Dumping a NEW Dumpling Column

 

Aeron Lo

   We’ve set out to expand our cultural culinary exposure, naturally forcing some of the Perennial editorial staff to try different types of dumplings. Our fascination with dumplings comes from their versatility as a pocket of dough. Hypothetically, you could put anything in that pocket and call it a dumpling. Over the course of the next year, we hope to sample various dumplings including perogies, empanadas, and hot pockets.

This month, we ate at Fu Lam Mum, a Cantonese style restaurant in downtown Mountain View where people lined the streets and overflowed out of the restaurant, eager to snag a table and the attention of the waiters pushing around carts steaming with delectable aromas.

What is special about dim sum?

SH: It’s scrumptious! Absolutely delicious! Amazing on so many different levels! It’s also (more often than not) pretty cheap, so for people like me who are broke, it’s the perfect meal.

KA: Apart from the amazing food, dim sum restaurants remind me of family gatherings and eating out with my grandparents. There’s something comforting about the fish tanks, carts laden

with steamers, and slightly sticky chairs.

SY: There’s such a big variety of foods and textures to try. If you want something sticky, crunchy, jiggly, or slimy, dim sum has you covered. They also have a great variety of savory and sweet treats, so you can get anything from a shrimp dumpling to a sweet bean bun.

SK: THEY HAD CARTS ROLLING AROUND WITH FOOD ON THEM! HOW COOL IS THAT!

What was the best item? Why? 

SH: The xiao long bao, for sure. It’s a classic, and I eat them almost every week because my mom always makes them at home for me — but the ones at the restaurant were subtly different from my mom’s in terms of ingredients. It was cool to kind of compare the two tastes.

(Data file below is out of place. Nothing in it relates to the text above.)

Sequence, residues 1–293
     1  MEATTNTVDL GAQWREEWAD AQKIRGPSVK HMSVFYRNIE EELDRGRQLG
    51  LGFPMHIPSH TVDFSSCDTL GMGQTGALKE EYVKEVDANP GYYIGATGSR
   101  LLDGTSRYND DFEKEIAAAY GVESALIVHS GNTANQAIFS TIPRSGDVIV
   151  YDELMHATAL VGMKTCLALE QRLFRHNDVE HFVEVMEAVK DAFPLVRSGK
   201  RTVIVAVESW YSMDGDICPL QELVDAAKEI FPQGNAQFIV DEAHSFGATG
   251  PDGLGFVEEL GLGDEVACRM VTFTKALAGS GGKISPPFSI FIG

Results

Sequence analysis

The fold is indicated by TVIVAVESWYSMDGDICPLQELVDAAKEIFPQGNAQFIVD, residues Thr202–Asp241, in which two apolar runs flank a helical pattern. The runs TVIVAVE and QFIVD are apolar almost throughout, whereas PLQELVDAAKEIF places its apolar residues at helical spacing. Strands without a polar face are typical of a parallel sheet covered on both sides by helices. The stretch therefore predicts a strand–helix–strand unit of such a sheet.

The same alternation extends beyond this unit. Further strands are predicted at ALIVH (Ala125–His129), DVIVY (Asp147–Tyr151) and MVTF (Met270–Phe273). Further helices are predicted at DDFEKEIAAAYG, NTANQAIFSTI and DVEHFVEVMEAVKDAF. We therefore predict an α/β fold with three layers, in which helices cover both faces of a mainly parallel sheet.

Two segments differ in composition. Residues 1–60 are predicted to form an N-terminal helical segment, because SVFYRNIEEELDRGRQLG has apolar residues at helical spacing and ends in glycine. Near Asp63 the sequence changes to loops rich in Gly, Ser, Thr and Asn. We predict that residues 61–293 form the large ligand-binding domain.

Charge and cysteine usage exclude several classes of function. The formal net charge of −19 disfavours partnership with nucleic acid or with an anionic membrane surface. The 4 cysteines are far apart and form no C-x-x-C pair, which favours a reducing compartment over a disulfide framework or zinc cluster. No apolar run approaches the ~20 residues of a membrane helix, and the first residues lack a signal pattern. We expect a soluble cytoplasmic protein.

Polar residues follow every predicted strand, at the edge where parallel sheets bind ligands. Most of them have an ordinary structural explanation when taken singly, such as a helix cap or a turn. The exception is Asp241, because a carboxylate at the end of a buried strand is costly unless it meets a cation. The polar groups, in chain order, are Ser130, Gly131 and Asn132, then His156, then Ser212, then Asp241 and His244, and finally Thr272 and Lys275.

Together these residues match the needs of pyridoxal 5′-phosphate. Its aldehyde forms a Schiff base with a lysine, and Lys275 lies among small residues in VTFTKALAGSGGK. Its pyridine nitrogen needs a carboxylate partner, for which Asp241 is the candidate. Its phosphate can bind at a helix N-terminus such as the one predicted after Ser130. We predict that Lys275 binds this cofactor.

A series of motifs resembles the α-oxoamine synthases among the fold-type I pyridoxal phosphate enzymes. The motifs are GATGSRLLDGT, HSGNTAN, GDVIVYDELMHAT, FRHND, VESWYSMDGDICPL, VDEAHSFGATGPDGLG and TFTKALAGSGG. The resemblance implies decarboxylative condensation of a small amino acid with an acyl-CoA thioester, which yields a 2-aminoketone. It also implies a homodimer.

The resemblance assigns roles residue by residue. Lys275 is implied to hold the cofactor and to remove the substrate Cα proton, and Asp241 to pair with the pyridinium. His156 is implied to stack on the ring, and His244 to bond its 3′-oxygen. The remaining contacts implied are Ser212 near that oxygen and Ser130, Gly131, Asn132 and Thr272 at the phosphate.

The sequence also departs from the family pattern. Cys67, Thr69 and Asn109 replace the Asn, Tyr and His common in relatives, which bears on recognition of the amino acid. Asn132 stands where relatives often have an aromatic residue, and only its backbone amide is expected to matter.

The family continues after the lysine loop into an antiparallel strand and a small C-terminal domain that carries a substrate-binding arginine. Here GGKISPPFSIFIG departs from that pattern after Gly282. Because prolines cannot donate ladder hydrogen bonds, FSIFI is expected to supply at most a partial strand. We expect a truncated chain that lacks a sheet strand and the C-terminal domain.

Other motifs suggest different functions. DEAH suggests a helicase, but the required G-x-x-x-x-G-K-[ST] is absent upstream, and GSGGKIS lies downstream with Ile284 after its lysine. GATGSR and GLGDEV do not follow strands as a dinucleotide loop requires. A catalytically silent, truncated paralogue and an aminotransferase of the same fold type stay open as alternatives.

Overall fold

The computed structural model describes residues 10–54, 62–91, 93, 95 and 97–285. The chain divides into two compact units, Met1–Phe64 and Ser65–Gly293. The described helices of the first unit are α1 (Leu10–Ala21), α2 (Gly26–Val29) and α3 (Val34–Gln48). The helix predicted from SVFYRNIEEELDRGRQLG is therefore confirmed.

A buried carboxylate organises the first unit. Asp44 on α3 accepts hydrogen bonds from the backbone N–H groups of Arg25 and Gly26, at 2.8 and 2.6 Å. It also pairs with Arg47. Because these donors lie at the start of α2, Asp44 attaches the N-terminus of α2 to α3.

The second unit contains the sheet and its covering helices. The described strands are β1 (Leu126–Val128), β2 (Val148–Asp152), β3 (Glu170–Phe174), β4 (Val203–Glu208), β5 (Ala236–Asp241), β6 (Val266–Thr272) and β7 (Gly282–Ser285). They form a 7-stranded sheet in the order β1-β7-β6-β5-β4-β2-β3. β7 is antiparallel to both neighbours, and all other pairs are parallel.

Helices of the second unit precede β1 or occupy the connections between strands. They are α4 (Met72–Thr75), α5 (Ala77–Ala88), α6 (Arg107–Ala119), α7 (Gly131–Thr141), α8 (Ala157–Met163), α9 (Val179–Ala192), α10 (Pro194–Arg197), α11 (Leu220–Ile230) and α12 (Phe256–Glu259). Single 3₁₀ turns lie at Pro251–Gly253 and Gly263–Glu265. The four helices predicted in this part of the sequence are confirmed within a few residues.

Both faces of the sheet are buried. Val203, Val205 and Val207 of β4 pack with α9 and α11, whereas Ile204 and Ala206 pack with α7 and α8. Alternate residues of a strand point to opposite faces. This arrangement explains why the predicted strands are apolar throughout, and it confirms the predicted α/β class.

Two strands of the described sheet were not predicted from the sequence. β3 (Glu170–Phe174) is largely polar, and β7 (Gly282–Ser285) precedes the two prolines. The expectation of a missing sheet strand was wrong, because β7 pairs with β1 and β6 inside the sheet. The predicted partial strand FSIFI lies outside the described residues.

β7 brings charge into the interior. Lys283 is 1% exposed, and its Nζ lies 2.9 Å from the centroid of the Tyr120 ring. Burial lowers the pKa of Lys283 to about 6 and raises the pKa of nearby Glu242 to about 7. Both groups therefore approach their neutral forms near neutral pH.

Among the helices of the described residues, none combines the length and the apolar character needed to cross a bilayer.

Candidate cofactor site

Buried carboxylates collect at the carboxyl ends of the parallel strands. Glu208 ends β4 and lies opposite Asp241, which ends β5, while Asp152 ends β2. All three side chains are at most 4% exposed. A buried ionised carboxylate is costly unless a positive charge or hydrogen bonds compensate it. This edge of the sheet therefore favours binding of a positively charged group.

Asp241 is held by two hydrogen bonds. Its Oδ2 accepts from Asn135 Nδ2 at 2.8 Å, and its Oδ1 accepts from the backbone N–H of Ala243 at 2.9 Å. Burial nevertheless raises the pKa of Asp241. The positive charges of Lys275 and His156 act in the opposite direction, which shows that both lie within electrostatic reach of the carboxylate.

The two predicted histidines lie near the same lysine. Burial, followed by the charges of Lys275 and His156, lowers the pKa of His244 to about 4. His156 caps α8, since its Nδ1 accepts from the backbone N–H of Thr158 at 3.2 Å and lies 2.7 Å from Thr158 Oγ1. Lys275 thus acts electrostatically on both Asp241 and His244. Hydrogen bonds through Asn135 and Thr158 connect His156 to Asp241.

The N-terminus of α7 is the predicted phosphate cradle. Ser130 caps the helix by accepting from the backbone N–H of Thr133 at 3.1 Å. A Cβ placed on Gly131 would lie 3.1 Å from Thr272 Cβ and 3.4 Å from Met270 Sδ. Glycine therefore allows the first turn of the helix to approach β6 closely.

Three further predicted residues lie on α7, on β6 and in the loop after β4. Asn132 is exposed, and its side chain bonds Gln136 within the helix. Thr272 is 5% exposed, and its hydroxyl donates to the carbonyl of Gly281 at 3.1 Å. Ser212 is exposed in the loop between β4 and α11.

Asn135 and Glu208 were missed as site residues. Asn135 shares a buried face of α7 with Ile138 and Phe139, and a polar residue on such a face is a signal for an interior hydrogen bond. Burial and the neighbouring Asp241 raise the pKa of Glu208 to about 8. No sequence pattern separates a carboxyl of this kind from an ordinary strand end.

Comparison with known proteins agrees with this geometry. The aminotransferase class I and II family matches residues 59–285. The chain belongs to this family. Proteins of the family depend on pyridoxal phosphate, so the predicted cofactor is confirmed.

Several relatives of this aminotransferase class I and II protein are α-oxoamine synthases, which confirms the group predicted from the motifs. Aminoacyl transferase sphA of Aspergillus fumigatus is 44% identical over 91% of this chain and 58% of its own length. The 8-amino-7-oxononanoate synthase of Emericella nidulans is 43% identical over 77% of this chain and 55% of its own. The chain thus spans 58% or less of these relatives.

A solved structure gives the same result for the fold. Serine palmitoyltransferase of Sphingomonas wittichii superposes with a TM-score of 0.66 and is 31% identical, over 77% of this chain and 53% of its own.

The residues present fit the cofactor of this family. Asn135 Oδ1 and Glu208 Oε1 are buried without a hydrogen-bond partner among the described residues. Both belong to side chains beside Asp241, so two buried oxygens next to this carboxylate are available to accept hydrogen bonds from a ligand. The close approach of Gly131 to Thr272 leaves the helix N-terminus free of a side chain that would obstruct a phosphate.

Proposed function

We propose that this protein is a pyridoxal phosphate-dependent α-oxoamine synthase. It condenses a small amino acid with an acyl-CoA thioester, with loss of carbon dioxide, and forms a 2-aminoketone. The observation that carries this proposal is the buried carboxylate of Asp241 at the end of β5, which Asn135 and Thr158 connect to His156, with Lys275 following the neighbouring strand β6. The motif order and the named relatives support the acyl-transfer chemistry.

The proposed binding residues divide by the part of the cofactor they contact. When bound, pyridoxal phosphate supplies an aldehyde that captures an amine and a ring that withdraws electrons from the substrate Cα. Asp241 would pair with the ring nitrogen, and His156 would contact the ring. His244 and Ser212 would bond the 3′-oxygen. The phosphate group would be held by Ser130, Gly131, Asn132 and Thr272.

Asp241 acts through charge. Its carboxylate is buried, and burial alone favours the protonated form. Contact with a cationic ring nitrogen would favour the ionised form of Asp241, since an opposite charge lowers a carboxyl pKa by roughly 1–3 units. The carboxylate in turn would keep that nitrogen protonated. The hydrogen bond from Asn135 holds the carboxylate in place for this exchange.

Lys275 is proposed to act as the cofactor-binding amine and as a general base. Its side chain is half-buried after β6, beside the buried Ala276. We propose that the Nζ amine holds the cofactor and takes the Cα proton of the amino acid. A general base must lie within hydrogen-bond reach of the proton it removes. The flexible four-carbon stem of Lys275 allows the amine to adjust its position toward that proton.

KA: I can never say no to a xiao long bao. They’re magical because, between the dumpling skin and the soup inside, there are so many different tastes and textures packed into one ball of deliciousness. 

SY: The lo mai gai! Although unwrapping the steamed lotus leaf can be a bit of a challenge, it makes you feel like you’ve worked for the sticky rice and pork once you get there. It feels like a little reward! It’s the perfect texture and just the right amount of savory and an all around very good time.

SK: Definitely the lo mai gai. It was filled perfectly with mouth watering sticky rice and egg; however, it was hard to eat with chopsticks (I was just poking it apart lol). 

For people who haven’t tried dim sum before, do you have any tips?

SH: Don’t volunteer to pour tea for everyone if you suck at pouring tea because I did and spilled the tea all over the table.

KA: Be open to trying everything! 

SY: They like to hide eggs in everything. Like just the yolk. Sometimes cooked, sometimes not. It’s not very good when it catches you by surprise. Stay safe out there.

SK: Go with someone who has been there before — they know all the secrets (and how to order)!